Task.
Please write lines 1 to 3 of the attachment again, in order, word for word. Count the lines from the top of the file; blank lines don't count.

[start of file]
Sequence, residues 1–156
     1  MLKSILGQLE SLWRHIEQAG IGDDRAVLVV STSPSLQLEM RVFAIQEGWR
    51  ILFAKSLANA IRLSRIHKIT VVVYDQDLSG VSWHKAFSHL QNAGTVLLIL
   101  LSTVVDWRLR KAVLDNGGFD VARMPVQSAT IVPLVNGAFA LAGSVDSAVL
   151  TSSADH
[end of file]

Sequence, residues 1–156
     1  MLKSILGQLE SLWRHIEQAG IGDDRAVLVV STSPSLQLEM RVFAIQEGWR
    51  ILFAKSLANA IRLSRIHKIT VVVYDQDLSG VSWHKAFSHL QNAGTVLLIL